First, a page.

These flaws in Blithe Spirit are by no means particularly glaring - in fact, I'd say the show functioned extremely well as a vehicle for entertainment - one must appreciate how it gives license to Swee Lin to play a sophisticated lady, when she's so often typecast as a motherly figure. It's also imperative to commend Kheng Hua for her intoxicating charisma and seductive mischief in her rendition of Elvira, delivering a jolt of energy to the stage every time she wafts in dressed in gauze and daubed in blue make-up. Indeed, several of the play's flaws seem to lie with the classic script itself - I find the resolution unsatisfying even in print, and I commend the director for his minor cuts to the lengthy text. I write of these imperfections because they intrigue me, being illustrative of the tricky game of adaptation.

Glen Goei writes in his Director's Message that W!ld Rice's performance of Blithe Spirit ties in with the company's aim "to reclaim classics and make them relevant to contemporary audiences". And it is good for a theatre company to function as a medium - an entity that conjures up dead, difficult texts of the past and manifests them live in the theatre. The apparitions of such efforts may be changed from their original form - sometimes for better, sometimes for worse, but usually carrying with them a hint of magic.

Still, it's a little out-of-date to applaud the company for a feat of creative adaptation which they accomplished all the way in 2001. So go on. Don't rest on your laurels. We want a different trick.

First Impression

As expected, Blithe Spirit is a barrel of laughs - but it's not quite the perfect W!ld Rice comedy. Noel Coward's thoroughly English script survives a Singaporean adaptation decently - Lim Kay Siu and Neo Swee Lin are generally believable in their roles as an upper-class middle-aged couple, haunted by the ghost of the husband's former wife. However, at times the eloquent words and stiff British register elude the mouths of the actors, and become still more contrived in the speech and antics of lower-class characters such as Pam Oei's Filipina maid and Selena Tan's more Singlish-spouting medium, Madam Arcati. There's also an odd mix of comedic styles in this play - measures of literary wit and heavy-handed slapstick which don't quite work together. Thankfully, Tan Kheng Hua boosts the energy onstage with her every entrance as the ghostly Elvira, handling the coy, amoral and mischievous character with grace and aplomb. In total, it's a worthwhile night of entertainment - just not the best the company's achieved.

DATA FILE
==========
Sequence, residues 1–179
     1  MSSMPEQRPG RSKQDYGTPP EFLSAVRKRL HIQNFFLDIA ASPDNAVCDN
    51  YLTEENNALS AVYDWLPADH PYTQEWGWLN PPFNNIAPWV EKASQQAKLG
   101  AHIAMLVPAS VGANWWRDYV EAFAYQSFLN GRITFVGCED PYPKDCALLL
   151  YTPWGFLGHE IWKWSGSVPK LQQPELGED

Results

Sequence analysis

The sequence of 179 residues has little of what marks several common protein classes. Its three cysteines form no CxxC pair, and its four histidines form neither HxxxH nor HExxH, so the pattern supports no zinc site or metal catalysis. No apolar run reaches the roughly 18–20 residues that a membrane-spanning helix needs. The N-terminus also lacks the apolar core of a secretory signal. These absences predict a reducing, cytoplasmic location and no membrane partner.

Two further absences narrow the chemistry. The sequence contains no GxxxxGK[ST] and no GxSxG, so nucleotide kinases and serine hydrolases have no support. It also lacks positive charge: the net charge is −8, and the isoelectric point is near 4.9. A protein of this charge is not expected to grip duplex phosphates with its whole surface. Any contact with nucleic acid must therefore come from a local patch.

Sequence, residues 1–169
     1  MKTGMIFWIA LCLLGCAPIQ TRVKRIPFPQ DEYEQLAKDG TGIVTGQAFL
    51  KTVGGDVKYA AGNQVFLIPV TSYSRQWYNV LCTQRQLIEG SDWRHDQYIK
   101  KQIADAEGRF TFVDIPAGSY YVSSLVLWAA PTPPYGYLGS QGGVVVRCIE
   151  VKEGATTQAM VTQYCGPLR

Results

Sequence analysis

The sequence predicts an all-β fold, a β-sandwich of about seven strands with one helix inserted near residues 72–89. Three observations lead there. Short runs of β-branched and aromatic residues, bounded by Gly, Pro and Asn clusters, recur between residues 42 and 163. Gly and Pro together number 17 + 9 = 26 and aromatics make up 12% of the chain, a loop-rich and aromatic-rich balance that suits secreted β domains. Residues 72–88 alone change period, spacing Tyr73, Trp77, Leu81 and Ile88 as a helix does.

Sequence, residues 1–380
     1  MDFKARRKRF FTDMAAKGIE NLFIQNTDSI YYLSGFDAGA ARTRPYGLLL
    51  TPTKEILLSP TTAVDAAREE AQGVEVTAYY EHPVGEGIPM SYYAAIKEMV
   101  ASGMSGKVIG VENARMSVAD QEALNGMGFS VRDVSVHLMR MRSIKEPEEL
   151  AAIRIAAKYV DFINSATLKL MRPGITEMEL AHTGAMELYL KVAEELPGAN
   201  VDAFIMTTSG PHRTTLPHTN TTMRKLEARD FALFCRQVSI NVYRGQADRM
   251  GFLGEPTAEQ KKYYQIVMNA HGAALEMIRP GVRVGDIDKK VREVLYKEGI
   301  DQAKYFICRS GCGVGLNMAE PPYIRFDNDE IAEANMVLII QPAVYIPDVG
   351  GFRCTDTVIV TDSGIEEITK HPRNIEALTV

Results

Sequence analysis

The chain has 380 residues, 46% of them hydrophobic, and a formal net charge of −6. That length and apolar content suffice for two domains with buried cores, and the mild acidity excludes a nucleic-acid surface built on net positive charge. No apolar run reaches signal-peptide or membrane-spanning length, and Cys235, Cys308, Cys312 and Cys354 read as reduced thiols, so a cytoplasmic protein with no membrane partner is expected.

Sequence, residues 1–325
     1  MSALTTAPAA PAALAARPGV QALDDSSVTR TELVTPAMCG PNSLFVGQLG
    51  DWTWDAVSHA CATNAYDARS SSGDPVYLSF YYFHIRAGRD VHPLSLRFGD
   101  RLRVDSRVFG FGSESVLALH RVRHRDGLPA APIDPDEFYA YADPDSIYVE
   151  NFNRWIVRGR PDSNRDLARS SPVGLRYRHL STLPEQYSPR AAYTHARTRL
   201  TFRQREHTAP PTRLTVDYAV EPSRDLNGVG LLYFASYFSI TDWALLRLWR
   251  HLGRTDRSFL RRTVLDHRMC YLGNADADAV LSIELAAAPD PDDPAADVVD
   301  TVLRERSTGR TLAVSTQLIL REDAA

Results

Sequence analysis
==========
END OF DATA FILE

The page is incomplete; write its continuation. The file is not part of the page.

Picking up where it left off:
"There's an odd, off-centre je ne sais quoi about this staging: our laughter falls out of rhythm on occasion; the humour feels uneven, mismatched."


Director: Glen Goei

Playwright: Noel Coward

Set Designer: Adrian Linford

Lighting Designer: Mac Chan

Costume Designer: Moe Kassim

Hair Designer: Ashley Lim

Make-up Design: M.A.C

Make-up Artist: The Make-up Room

Producer: Tony Trickett

Production Manager: B B Koh

Production Co-ordinators: Yvonne Yuen, Greg Swyny

Technical manager: Teo Kuang Han

Stage Manager: Elnie Mashari

Assistant Stage Manager: Luke Kwek

Cast: Lim Kay Siu, Neo Swee Lin, Tan Kheng Hua, Selena Tan, Pam Oei, Gerald Chew, Celine Rosa Tan

More Reviews of Productions by W!ld Rice

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Ng Yi-Sheng

Ratings out of 5, based on Practitioner's Vision / Reviewer's Response: ***** = Transcendent / Rapturous;
**** = Crystal / Appreciative; *** = Transmitted / Thoughtful; ** = Vague / Unsatisfied; * = Uncommunicated / Mystified.